Saturday Secrets to Great Baseball Coaching – Coaching Transitions for Adapting to Field Size

The size of the field changes for youth ballplayers every couple of years, up until the high school sized field, so game strategy changes with those increases, too. Coaches must be aware of these strategy changes, so they teach the game correctly, as well as to help them win games. Additionally, coaches must stay up on rule changes from age to age also as each level has different rules. Often, there are even different rules from tournament to tournament even at the same age levels. Coaches must be sure to read all tourney and league rules, so their team is not at a disadvantage. Of course, most important is staying on top of the pitching rules for youth arm protection and for weekly pitching strategy.

It is a big jump when kids go from the little league sized field to the teenage level field and an even bigger one from the teenage field to the high school diamond, which is the same as the professional sized fields.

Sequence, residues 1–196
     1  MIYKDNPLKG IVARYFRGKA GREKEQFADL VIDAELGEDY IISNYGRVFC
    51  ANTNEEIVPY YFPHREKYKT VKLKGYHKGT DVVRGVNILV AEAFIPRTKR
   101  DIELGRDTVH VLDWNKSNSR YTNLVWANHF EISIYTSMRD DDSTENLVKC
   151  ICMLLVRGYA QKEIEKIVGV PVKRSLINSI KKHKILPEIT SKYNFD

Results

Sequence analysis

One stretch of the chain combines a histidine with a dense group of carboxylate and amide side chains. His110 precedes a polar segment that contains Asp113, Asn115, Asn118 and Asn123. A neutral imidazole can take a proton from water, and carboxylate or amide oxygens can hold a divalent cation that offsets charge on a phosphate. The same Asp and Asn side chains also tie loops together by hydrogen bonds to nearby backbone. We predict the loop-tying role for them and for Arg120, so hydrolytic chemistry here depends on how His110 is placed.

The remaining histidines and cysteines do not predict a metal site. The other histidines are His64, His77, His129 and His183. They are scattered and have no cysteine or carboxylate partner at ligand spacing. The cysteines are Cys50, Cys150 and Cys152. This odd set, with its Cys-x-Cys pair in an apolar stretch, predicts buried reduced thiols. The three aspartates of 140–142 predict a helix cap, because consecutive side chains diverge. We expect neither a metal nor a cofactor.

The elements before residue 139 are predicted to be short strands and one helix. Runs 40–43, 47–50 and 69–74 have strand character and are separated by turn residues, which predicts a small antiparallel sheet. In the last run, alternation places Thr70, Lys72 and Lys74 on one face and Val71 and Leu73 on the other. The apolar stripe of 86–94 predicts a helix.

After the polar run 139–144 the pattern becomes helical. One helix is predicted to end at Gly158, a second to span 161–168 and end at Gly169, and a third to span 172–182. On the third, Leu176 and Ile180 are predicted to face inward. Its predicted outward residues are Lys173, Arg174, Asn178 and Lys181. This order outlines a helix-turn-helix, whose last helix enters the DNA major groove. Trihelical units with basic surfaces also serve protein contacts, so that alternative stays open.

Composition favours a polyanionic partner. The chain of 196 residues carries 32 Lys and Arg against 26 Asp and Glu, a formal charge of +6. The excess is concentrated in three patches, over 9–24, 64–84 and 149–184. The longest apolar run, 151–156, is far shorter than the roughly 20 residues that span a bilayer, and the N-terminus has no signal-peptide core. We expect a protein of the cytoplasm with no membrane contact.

5 Biggest Coaching Transitions to Make

  1. Base-running strategy changes as the base paths get longer – at the younger levels, fast players often outrun the ball. The bigger field dimensions changes that ability and coaches and players must realize the ball moves faster than any runner, especially at the travel and high school levels.
  2. Covering first – at the young levels of baseball, the second baseman covers first base on balls hit towards first. As the field grows, pitchers cover first base on balls hit to the right side of the field.
  3. Cutoff and relay plays become much more prominent as the field size grows. Players must be in the correct spots to adequately defense the batted ball or unnecessary runs will be let up. The most important change involves the pitchers role as mainly a backup role on throws to bases and the double cutoff play to prevent balls from rolling away unnecessarily.
  4. More foul territory and more room to the home plate backstops – this change makes it all the more important for coaches to coach players when and where to back up bases.
  5. Strength of Arms – because of all the above factors, recognizing the arm-strength of players on own team and opposing teams determines how to run bases and defense the opposing teams running game.

Many coaches (dads) move up with their teams at each age level, so they must stay up on these game-coaching transitions.

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